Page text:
Thursday, 24 December 2009

A Funny Old Business

It's a funny old business setting up a business, an endless series of tasks that need to be carried out, many of which cannot be done until some other detail has been completed. Company incorporation, banking, VAT. Website, Facebook, blog. All I really want to do is to sell film to people but it isn't possible to get around the rules...

Ironic isn't it that the process of selling Instant films should be so long winded when the product is so immediate?

When I started setting up the business I decided that I would send out a Christmas card to business friends and acquaintances to let them know what I was planning to do. My wife, Laura and I trawled through recent pictures and after narrowing it down to about half a dozen we chose this picture - mainly because it was bright and very red. Checking the spelling of the shrine in Kyoto where the picture was taken: Fushimi Inari Taisha - I discovered that it is a shrine to business! Businesses in Japan sponsor a Torii, the red gates, in the hopes that it will bring their business good fortune... I didn't do any sponsoring but I feel that Inari (the fox) may be looking out for me.

Ben Boswell

Wednesday, 23 December 2009

What's it all about?

There is something rather special about photography, something magical. Nothing demonstrates this better than Polaroid. You point a camera at a subject and chemicals capture the light and turn it into a representation of what you saw. That really is fantastic and it excites me in a way that digital photography does not. Digital photography is about ones and zeros, rather a lot of them and often more about what you do after you have taken the picture than what the picture represents. Don't get me wrong, I take digital photographs constantly, with a camera and with my phone but the connection between the picture and the subject is so much stronger for me when the process is chemical, it's like alchemy.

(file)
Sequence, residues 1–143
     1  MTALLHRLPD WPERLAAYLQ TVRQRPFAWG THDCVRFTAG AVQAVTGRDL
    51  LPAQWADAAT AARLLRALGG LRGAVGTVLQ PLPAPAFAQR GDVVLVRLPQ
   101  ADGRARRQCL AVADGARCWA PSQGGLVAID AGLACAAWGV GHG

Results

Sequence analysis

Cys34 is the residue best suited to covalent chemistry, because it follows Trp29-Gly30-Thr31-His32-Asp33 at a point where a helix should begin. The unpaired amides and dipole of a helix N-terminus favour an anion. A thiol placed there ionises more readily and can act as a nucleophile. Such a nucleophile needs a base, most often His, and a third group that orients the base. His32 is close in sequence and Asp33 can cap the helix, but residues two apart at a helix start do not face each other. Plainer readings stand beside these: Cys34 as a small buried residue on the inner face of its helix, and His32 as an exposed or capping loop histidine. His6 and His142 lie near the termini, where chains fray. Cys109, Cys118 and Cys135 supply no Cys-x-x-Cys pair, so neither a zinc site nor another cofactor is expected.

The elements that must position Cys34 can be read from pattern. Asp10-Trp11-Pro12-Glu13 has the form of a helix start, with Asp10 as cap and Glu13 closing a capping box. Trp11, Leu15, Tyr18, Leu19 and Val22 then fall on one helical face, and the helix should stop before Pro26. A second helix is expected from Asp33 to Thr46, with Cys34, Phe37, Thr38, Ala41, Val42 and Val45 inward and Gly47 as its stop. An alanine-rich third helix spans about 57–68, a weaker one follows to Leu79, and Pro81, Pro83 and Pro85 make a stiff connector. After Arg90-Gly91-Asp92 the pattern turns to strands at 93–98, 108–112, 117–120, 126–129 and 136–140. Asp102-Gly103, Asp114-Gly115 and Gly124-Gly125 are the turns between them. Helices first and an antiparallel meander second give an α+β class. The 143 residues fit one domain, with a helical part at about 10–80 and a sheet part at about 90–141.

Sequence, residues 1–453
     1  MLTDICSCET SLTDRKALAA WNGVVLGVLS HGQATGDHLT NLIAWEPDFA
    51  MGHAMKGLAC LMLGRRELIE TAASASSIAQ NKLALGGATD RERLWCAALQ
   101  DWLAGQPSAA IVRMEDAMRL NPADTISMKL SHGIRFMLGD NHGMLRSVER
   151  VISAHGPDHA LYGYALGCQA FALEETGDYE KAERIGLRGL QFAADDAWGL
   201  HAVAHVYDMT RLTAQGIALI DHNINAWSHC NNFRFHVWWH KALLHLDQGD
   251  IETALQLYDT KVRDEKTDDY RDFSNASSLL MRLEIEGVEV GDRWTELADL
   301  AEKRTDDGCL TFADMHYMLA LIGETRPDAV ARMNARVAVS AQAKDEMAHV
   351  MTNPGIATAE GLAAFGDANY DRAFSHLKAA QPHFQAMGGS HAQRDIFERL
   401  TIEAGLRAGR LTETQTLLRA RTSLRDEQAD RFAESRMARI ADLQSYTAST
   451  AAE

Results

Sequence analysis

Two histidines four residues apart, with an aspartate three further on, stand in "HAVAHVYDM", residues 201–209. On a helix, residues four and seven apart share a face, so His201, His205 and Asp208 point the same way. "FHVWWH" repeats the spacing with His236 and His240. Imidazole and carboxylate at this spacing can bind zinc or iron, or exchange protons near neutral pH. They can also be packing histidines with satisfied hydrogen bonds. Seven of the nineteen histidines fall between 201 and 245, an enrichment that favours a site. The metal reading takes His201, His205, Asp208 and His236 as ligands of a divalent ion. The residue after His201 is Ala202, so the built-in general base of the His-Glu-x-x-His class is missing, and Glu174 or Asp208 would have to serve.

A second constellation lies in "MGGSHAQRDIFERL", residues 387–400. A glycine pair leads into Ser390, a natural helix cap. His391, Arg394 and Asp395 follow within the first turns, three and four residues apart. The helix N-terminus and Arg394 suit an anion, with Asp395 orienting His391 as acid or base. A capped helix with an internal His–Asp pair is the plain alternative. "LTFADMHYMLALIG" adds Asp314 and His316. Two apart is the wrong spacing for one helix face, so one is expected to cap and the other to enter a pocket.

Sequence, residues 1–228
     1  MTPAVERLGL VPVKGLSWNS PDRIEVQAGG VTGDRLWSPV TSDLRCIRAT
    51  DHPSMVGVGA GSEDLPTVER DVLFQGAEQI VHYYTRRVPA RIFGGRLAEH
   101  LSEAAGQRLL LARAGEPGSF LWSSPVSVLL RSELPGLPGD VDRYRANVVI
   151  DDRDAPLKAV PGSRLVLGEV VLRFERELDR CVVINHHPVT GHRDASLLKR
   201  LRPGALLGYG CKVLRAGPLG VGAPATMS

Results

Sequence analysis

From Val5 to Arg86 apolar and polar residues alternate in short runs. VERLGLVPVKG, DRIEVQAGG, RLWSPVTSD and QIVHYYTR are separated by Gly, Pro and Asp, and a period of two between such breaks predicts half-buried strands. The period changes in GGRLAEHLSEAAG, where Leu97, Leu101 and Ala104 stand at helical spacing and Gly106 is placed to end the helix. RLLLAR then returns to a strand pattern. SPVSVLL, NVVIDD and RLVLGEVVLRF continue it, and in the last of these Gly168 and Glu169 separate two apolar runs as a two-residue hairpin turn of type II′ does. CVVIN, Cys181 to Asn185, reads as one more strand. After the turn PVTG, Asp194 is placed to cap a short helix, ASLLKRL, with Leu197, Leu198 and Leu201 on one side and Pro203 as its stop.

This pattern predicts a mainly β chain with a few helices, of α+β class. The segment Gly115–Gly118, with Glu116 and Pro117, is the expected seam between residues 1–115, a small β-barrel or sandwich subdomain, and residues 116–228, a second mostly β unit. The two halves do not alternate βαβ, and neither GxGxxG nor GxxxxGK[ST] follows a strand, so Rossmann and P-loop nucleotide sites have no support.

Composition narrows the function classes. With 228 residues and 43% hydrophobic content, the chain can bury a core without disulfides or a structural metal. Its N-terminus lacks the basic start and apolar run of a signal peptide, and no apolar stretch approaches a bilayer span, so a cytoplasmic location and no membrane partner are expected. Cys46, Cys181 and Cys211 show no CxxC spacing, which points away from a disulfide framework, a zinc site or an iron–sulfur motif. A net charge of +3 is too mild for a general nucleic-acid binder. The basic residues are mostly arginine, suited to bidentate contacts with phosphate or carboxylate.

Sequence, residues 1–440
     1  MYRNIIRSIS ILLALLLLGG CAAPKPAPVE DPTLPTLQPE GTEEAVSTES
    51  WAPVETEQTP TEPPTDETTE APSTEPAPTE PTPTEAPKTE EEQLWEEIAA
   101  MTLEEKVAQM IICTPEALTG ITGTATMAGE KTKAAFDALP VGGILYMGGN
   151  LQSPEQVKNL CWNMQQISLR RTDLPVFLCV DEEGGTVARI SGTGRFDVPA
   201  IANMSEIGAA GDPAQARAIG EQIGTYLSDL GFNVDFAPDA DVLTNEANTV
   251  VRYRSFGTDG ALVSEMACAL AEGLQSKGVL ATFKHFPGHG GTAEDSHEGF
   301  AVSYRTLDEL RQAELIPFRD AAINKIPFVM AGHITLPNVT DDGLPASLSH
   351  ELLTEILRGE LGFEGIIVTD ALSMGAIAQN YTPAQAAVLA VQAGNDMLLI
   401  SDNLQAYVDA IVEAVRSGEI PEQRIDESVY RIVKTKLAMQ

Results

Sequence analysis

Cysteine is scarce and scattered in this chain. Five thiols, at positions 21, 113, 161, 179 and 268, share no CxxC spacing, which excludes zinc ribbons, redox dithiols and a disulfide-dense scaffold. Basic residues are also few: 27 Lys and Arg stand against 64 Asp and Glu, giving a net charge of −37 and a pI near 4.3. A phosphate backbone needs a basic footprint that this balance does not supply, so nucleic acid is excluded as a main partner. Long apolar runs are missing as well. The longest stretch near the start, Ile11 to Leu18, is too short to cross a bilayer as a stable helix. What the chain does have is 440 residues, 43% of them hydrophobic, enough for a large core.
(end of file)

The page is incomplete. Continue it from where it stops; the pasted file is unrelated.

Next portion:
Well the opportunity to do something about this has arisen for me. My name is Ben Boswell, I have worked for over 20 years for Hasselblad, a company with an enviable heritage and a fine product range but I was not really enjoying myself any more and I decided to leave. This new business that I am building will start with this finest example of 'chemical' photography: Polaroid Film. Polaroid stopped making their films a couple of years ago and it was expected that there would be no replacement, however a group of fanatics have taken over the equipment and the factory and will soon be in production again. The first films will be for the Classic Polaroid SX70 camera, the 600 series cameras and the Image cameras but it is planned that other films will follow. They are not the old films but are entirely new films designed to fit the old cameras which should open up whole new creative avenues for photographers and artists.

While we wait for the new films to arrive there are still supplies of the old ones available, they are technically out of date but they have been tested and are still working very well. In this digital world we all live in it is great that there are things like this still happening, an amazing product like Polaroid rising from near extinction in spite of the odds...

Take a polaroid picture and whenever you look at it you can think to yourself "This picture was there, at that moment, a unique record of that instant" I like that idea.